Icelandic Horses in Canada
It’s a ten hour flight. Heathrow is quiet, surprising as its half term. I check in on time, no qeue, no hassle, no problem cause there’s nothing worse than rushing at an airport thensweating in your seat... So all is well and I am clipped in. Sat next to me is a brunette with a friendly face. I travel alot on aeroplanes. You neverknoww whom you are going to sit next to. It’s a kind of social Russian roulette. “seeing as we’re going to be sitting together for ten hours... Hi my name is Inga” She chirps. This could be good. This could be so, so bad.
She’s twenty full of spark and we spend the next ten hours laughing and teasing each otherlike an older brother a younger sister. Inga is Icelandic (Ishhhlandic she might say) and a trainer of Icelandic horses: it’s what her father does. He trains them and rents them, a sortof hertz for horses if you like. She’s just decided to go to Canada alone, on a whim cause her friend came here and said it was good.It's actually less of a whim as it seems, still daring though.
There’s only 300,000 people in Iceland. That’s tiny. She has Icelandic eyes and is forthright which always brings the best out in me “Are you in a relationship?” she asks an hour into the journey. I proudly, and in grand manner, take out the national newspaper and show her the picture of The Journalist who happens to be on the Masthead. “yes” I reply ”with her” and I point at the Masthead picture. She frowns looks at the picture and says “yeah... you wish!”.
Inga has not been in a relationship since she was thirteen. Not a proper one. I’m flabbergasted. There was someone, but it was fleeting. Meanwhile the TV screen flight path thingy nudges towards the destination. I wonder if there is a town called Destination. Be a good name for a country Desti Nation. Time really does fly when you are having fun and as I am having fun and actually flying I must be getting double.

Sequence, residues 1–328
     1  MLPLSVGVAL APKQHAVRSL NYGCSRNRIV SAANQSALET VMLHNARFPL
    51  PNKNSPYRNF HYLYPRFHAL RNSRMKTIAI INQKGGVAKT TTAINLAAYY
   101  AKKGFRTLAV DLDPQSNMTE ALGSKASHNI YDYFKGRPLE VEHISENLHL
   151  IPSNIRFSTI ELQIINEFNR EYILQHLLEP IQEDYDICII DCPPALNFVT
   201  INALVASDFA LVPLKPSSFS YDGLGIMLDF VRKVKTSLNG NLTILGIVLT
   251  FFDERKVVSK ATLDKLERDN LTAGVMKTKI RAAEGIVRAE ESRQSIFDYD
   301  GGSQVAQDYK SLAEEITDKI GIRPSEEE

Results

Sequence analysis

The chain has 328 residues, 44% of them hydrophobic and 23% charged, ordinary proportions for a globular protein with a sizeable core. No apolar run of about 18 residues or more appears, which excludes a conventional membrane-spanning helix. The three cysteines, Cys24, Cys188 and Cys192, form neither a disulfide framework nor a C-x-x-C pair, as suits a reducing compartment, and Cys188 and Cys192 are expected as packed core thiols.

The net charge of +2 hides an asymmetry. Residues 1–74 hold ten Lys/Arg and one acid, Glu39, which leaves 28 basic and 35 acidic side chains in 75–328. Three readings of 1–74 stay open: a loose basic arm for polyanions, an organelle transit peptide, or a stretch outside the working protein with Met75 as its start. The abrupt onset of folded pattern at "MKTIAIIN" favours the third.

I take a walk along the aisle and rest at the top of the plane where I meet Emily, I think her name's Emily. “love your dreadlocks” I say. Emily is drunk. I should say merry cause drunk sounds ugly. And she wasn’t ugly nor semed drunk till she said "I'm drunk". . She’s had a few wines she tells me. She’s just left her boyfriend at the airport in London and she misses him already. We talk dreadlocks. Her drea locked and my dreadlocks. I used to have them too.
Turns out Emily works in Technology and will be moving from canada to Australia with her boyfriend who works for Sky TV in London. Australia gives permits to professionalpeople of Canada. He’ll be moving there too. She can not wait to live together with him in another country. I ask if they have ever lived in the same country. "no" she replies.
Emily is nice but loud. Drink seems to make people feel they have to shout. But what it really does is enclose people in such a sonic fuzz that they feel they need to shout to getbeyond it. It’s cute but I am not unhappy to say goodbye and work my way back to my seat.
The plane scoops out of the sky and lands in Vancouver. I wait for Inga's guitar to come through the outsized luggagebelt. Outside Ralph is waiting, trusty as ever, same man who picked me off and dropped me off two years ago when I was here last. Inga has a few hours to kill before her adjoining flight into the Canadian interior where she will work with Icelandic horses for six months or so.
Ralph, seeing how we get along, invites her to Granville Island, my destination, and offers her a lift back. And so we are in the car the three of us. We stop at a photo shop to get her camera fixed and then to Granville Island where I check in to the hotel. My room looks out on the bay and the mariner. The three of us spend the next hour sightseeing. Ralph the perfect host. Canada the perfect hostess.
I am happy to be here. Love Vancouver and Canada. I wave goodbye as Ralph returns Inga to the airport. We both feel a cool kinship. I take a deep breath of the bracing air and look out onto the bay of Granville Island.